“Campus Conversations” focus on civic engagement, 2020 election and voter rates
by Ashlyn Adams, Staff Writer
Campus Conversations, a dialogue series currently held on the second Wednesday of every month in the UWF Commons, was led by UWF’s Dr. Michelle Williams and tackled issues such as falling voter rates and civic engagement as we approach the 2020 election year.
Williams, who heads the Reubin O’D. Askew Department of Government at UWF and is a professor of political science, was happy to answer questions by the students and colleagues in attendance, and she made it clear that involvement in politics doesn’t require extensive knowledge.
“I hope that by the time you walk out today, you might be reconsidering the way you feel about politics,” Williams said. “Maybe think a bit more about the role you could play in politics, especially this election season.”
Campus Conversations was held from 12 to 1 p.m., and pizza was provided for lunch. The event, which was completely free, provided a relaxed and comfortable atmosphere for those interested in attending.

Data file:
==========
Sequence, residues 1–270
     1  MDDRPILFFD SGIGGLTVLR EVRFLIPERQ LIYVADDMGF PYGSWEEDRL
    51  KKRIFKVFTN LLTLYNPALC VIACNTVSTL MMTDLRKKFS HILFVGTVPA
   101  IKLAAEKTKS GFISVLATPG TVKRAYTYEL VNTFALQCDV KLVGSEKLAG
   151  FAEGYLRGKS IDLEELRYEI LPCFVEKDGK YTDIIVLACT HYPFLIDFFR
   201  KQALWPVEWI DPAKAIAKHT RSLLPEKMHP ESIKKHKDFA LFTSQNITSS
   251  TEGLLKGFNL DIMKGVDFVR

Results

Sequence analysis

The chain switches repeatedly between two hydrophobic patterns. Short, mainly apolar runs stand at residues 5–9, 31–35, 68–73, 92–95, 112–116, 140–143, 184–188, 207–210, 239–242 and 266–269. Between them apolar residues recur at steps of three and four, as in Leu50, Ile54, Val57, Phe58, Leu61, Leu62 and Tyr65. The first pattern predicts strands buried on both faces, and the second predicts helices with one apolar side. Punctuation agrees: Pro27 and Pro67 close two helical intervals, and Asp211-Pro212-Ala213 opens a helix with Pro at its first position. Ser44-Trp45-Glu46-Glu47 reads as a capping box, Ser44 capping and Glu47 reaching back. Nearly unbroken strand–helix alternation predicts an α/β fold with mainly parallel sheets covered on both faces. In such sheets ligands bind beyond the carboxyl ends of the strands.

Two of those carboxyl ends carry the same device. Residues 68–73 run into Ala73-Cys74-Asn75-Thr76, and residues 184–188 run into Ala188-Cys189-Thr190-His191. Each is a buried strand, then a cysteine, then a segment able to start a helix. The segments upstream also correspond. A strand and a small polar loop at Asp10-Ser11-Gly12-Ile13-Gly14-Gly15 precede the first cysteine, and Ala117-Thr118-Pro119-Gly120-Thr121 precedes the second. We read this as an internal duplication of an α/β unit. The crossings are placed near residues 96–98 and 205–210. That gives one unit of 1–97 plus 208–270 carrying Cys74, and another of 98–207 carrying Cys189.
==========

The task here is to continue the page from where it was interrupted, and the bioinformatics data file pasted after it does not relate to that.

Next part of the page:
Throughout the conversation, Williams covered a variety of talking points, such as the polarization in the two-party system, why Americans aren’t voting, the electoral college, emotion-driven campaign ads and self-interest in modern America.
Although she covered a broad range of topics in only one hour, Williams managed to maintain an engaging and timely conversation that was neither too dense nor too vague. In the end, Williams had one overall message for her attendees, and it was the importance of voting.
Williams also suggested attending events hosted by the League of Women Voters, a group dedicated to educating people on current election issues in a non-partisan manner. Participants can enjoy a relaxed, conversational environment while learning about what’s happening in American politics.
Campus Conversations is hosted monthly by the Office of Equity and Diversity, and has covered a wide range of topics from students and professors. Conversations have included LGBTQ in healthcare and an international student panel.
Floré Septimus, Diversity Programs Coordinator for UWF, spoke about her hopes of seeing Campus Conversations grow.
“Usually we get about 12 to 20 people each time,” Septimus said. “We want to increase that to hopefully 30 or 40 people, but we think we’re at a great starting point.”
The event offers free food, inviting conversation and a chance to learn something new. Keep your eyes open, Argos, and next month you can join the conversation.
Photo courtesy of UWF Institutional Communications.